So it seems appropriate to say a few words about why we do comparison and contrast, why it's such a useful rhetorical strategy to have around. Why it isn't all just a waste of time, a lot of hot air, like comparing apples and oranges.

The fact is we use comparison and contrast for all kinds of profound intellectual reasons, and for a lot of practical ones, too. It might be that we're trying to decide in some way between two things, and we're using comparison and contrast in order to evaluate which one is better, or more suitable in some sense.
  • Which college should I go to? (categories: price, location, curriculum, social life
  • Which career should I specialize in? (categories: interests, abilities, job market)
  • Which one of these sources would be better for my research paper? (categories: credibility of information, quality of the publication, author's credentials, currency…)
  • Which of these DVD players should I spend my hard earned paycheck on? (categories: specs, features, appearance….)
  • Which candidate should I vote for in the election? (categories: experience, intelligence, policies, character)
Well, you get the idea! No matter what the question is you're trying to answer, if you're doing comparison/contrast, your process for figuring out the answer is the same. You probably do it unconsciously. At some point you establish some clear criteria, some set of questions, or what your textbook calls "categories" to work from (see above). Then, your comparison and contrast takes shape as you apply your categories equally to each of your subjects. How they compare and contrast leads you to a draw a conclusion that reflects what you've discovered by your analysis—sometimes your conclusion is an evaluation about which one rates higher.
Once you've observed the similarities and differences you find most interesting or revealing, or instructive, then you can think about how to present your findings in writing. We'll see that there are two options available, and they apply to writing paragraphs or to structuring an essay as a whole, depending on how large of a subject you're working with. The options are "sequencing" (a report of your observations that proceeds "point-by-point") and "chunking" (a report organized into two or more large "blocks" or "chunks").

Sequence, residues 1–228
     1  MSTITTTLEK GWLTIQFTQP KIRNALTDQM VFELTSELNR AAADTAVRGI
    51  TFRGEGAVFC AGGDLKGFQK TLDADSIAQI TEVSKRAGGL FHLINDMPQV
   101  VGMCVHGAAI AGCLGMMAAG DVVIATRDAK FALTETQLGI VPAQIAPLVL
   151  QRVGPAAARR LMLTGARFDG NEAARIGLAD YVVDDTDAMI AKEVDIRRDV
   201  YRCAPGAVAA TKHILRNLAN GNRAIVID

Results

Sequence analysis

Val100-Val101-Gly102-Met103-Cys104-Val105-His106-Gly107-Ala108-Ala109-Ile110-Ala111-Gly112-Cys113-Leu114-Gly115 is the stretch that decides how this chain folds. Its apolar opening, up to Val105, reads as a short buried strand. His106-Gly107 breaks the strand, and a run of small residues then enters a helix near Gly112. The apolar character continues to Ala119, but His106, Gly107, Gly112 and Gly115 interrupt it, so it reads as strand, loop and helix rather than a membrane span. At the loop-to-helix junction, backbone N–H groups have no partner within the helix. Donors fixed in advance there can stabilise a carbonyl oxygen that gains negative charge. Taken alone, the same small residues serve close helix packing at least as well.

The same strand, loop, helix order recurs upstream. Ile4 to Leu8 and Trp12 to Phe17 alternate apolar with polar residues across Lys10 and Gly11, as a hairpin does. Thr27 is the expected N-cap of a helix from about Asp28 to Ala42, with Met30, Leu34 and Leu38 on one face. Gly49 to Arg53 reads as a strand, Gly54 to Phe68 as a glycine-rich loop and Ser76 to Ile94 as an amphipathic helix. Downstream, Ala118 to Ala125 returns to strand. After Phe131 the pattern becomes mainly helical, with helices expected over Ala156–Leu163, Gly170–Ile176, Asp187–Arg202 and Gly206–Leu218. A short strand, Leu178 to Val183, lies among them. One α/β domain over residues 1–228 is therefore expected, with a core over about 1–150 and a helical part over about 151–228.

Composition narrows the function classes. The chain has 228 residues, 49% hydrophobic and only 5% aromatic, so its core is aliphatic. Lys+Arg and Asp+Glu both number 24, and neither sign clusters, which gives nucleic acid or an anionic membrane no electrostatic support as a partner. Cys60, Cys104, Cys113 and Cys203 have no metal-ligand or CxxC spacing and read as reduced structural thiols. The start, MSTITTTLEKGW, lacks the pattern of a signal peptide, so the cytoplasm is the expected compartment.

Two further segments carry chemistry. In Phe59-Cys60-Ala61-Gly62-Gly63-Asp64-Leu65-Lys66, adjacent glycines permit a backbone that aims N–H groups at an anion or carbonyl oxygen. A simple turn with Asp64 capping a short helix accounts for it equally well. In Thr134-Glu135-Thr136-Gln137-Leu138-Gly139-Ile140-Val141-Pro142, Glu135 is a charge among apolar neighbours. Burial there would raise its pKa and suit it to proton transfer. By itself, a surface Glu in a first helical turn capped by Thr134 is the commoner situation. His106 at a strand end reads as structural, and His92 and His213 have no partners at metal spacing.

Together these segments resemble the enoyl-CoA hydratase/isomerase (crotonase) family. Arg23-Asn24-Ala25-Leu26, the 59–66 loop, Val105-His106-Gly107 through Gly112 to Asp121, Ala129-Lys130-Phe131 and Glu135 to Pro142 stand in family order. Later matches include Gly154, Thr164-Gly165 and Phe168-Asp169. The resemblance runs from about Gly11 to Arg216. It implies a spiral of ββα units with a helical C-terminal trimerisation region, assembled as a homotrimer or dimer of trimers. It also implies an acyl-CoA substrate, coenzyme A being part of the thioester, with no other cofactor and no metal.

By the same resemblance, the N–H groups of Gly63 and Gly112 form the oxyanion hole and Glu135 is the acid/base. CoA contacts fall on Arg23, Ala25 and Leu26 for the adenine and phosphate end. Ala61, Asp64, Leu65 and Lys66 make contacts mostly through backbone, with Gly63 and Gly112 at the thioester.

Remember, the whole process started long before you thought of writing. It started with analysis. With questions and observations. Before you even start to write, you know three things:
1. Your "categories" or "criteria" for comparing and contrasting (your criteria, or the questions you use to focus the way you will look at each subject).
2. Your specific observations (the specific answers to the questions you posed).
3. What you learned by comparing and contrasting (the conclusion you draw, the evaluation you arrive at, what we know that we didn't know before).
You read all about this in The Prose Reader (chapter 6)!
Let's take one of the analogies on your exercise sheet. It isn't that difficult to demonstrate how analogy can overlap into a full-fledged comparison/contrast analysis.

A comparison/contrast analysis involves digging for similarities—that's comparison-and differences—that's contrast—between your two chosen subjects. Suppose I want to explain the comparison I came up with for the last analogy exercise on your worksheet.
Learning to write can be like learning a musical instrument.
Personally, I find these two learning situations are analogous ("analogous" is pronounced with hard g), and I can compare and contrast them at length (see the sample practice). Are any of your own analogies good for comparing and contrasting at length?

Well, you should be set to practice this strategy. Pick one of your analogies, or use one of the suggestions on the worksheet. Go there now. 

by Stacy Esch